Did you know that the ancient Chinese Feng Shui Masters did not consider air as one of the Feng Shui elements? Why, because (air) "chi" is considered the "dragon's breath".
They emphasized the importance of selecting an auspicious (beneficial) site for a home that has the dragon's energy, or dragon's breath, thus the careful examination of the shape of land - mountains, hills, valleys, as well as water formations.
The vital energy, or chi, contained in specific earth locations was described as finding the dragon and its lair. In Chinese terms, the challenge of a Feng Shui expert was to determine which way the "chi" or "qi" or "cosmic breath of the dragons" flows.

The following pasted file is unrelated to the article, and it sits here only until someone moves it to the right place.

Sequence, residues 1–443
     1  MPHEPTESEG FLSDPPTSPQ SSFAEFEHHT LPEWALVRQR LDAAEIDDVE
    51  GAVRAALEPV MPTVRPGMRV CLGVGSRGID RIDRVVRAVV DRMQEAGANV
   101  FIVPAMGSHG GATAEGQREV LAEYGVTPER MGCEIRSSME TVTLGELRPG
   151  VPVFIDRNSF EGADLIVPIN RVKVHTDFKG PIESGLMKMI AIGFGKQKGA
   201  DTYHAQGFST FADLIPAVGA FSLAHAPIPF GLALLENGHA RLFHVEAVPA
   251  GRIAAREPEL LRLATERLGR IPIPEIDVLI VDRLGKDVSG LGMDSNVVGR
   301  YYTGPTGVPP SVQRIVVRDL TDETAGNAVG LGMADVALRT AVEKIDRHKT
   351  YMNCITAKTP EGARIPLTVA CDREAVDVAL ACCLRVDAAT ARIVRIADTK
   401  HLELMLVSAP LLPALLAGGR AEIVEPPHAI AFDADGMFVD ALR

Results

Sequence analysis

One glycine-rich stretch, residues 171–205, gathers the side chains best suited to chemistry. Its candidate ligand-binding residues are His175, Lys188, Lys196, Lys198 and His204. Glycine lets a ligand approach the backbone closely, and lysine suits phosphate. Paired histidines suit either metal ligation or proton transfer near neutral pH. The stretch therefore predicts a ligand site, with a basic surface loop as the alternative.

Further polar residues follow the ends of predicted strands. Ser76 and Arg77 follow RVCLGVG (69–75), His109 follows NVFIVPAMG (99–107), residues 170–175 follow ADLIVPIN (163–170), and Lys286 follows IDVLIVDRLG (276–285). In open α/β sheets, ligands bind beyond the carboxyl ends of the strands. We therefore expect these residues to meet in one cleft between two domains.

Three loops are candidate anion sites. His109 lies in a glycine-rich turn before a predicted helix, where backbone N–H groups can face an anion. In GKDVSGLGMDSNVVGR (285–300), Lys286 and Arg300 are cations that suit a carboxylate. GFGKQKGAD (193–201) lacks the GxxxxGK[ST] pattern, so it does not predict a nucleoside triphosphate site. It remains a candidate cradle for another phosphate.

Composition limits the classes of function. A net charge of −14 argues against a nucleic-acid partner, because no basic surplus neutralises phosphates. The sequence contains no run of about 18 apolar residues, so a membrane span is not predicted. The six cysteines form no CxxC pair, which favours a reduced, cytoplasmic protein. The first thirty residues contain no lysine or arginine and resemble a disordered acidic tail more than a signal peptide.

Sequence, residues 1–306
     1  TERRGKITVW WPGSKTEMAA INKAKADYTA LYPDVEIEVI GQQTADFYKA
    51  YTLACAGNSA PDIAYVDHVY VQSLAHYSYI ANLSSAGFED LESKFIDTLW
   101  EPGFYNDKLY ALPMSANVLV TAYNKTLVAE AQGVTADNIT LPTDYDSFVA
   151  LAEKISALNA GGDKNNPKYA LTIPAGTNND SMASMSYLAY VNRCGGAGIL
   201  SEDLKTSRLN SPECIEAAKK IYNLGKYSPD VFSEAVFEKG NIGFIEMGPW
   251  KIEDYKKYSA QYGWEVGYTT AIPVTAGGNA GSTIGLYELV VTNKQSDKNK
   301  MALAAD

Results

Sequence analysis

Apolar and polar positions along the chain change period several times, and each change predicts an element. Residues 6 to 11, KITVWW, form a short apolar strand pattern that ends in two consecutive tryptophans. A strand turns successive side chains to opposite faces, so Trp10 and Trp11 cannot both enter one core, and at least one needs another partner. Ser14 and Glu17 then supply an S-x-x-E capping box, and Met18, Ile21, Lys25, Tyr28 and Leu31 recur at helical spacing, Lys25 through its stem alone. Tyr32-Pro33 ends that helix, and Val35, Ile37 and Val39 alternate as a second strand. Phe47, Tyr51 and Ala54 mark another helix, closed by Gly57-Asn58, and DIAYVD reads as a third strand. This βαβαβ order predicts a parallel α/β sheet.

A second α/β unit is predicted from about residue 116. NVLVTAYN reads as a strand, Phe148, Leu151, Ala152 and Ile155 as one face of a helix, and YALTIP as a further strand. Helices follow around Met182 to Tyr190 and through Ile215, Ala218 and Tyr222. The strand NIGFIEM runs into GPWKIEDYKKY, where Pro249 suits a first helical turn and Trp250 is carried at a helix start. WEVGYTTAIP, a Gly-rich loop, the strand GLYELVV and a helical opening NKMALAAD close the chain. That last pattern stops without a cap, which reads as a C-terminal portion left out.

We often spend our time and energy applying Feng Shui to the interiors of our home, but the outside world is the original home of Feng Shui. And the chi that flows around your house cannot reach the doors and windows without first passing through your garden or landscape.
In Feng Shui we want to mimic the natural world. In nature, we rarely find straight lines. When plants grow or the water in streams flow - they are in soft curvy patterns. We want to create meandering pathways in the garden, to allow the chi to flow easily through our property. The ancient Chinese believed that ghosts could travel in straight lines. In Asia, you will find that the old bridges go zig-zag across bodies of water. The angles are meant to prevent any ghosts from crossing the bridge.